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More Resident Evil games are coming to Apple devices

Jack Baker getting shot at by Ethan Winters in Resident Evil 7

Continuing the trend started by Resident Evil Village, Capcom is bringing more Resident Evil games to the iPhone, iPad, and Mac, starting with Resident Evil 7: Biohazard.

The first-person shooter and soft reboot of the long-running horror franchise will be hitting the iPhone 15 Pro series and all iPads and Macs with an M1 chip or larger on July 2. The publisher also revealed that the Resident Evil 2 remake will be coming to Apple devices in the future, but is still in development.

While you can play Resident Evil games on your Mac with standard mouse and keyboard controls, the mobile versions will feature new controls with an auto fire feature that will allow you to shoot enemies after aiming at them for a certain period of time.

Players will be able to try out the game for free before making a purchase. And once they do, they can play it across all their supported Apple devices thanks to cross progression. Resident Evil 7 is now available for preorder, and will include the Not a Story DLC starring Chris Redfield. The Gold Edition is also available, and will include both Banned Footage DLC stories, the End of Zoe, and other extras.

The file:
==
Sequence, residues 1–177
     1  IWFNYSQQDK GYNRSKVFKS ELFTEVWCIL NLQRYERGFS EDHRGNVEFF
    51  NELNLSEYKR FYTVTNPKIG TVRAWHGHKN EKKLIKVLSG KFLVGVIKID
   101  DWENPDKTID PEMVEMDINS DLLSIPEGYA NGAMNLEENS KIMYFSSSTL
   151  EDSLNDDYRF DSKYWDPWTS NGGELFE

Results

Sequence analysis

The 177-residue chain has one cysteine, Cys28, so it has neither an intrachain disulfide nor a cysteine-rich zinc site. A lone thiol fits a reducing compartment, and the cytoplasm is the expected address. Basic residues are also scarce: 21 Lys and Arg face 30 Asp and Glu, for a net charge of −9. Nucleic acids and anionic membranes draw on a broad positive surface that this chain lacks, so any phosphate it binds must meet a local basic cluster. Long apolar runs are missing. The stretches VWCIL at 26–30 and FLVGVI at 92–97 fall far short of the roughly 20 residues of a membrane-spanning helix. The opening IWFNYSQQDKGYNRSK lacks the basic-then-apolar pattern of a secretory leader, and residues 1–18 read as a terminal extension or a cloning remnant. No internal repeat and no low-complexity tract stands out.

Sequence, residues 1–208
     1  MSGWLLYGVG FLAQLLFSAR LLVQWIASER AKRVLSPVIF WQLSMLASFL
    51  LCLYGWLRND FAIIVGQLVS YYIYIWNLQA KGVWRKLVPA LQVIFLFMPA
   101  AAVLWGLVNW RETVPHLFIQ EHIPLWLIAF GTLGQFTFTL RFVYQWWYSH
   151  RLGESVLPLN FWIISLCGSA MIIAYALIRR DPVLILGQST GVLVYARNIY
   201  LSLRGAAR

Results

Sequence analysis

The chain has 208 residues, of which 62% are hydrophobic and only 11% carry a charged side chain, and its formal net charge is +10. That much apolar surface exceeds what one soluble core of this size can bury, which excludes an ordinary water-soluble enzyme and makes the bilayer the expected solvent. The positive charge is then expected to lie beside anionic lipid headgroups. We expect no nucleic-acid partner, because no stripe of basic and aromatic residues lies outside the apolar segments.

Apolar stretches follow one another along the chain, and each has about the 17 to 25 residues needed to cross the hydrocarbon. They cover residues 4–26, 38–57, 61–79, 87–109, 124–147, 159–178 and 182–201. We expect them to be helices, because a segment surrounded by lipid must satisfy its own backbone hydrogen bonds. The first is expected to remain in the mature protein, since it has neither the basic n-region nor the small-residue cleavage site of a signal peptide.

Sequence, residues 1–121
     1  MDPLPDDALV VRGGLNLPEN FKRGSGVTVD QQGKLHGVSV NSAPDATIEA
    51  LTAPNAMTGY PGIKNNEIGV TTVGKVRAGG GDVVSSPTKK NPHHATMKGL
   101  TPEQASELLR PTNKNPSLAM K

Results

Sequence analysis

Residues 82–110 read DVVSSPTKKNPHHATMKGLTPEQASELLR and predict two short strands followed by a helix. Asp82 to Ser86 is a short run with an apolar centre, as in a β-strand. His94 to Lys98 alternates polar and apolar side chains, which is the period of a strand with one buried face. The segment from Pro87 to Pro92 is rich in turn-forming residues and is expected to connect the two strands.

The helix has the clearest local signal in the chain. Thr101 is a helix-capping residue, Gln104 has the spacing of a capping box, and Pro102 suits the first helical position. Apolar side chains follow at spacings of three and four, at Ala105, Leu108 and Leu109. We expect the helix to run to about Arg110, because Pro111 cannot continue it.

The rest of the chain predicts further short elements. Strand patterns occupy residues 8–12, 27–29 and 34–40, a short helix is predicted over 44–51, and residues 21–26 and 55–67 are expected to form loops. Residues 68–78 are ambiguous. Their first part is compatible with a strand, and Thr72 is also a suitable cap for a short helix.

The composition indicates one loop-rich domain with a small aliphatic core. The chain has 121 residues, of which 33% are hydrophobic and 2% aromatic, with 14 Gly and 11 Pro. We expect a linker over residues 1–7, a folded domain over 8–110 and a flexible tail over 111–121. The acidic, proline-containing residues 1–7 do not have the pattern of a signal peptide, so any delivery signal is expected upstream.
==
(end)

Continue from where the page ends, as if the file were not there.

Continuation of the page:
Capcom has been at the forefront of Apple’s latest push into gaming, announcing last year that Resident Evil Village and the Resident Evil 4 remake would be available on the iPhone 15 Pro and iPad, and that it would run natively — no cloud streaming required. While large-scale video games like these were typically only playable on Macs (and the catalog wasn’t that large to begin with), this signaled that Apple was working on support for even more of its devices.

The iPhone controls for Resident Evil 7. There are a bunch of buttons on screen, and Jack Baker is in the center.

A lot of these efforts are thanks to Apple’s recent chips. The M3 chips, announced last year, feature a new GPU with hardware-accelerated ray tracing, Dynamic Caching, and mesh shaders that work to improve the gaming experience. There’s also the Game Porting Kit to make it easier for developers to port their Windows-supported games over to Apple operating systems.

Capcom also notes that MetalFX, which is Apple’s upscaling technology, helped with the visuals and performance.

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Carli Velocci
Carli is a technology, culture, and games editor and journalist. They were the Gaming Lead and Copy Chief at Windows Central…
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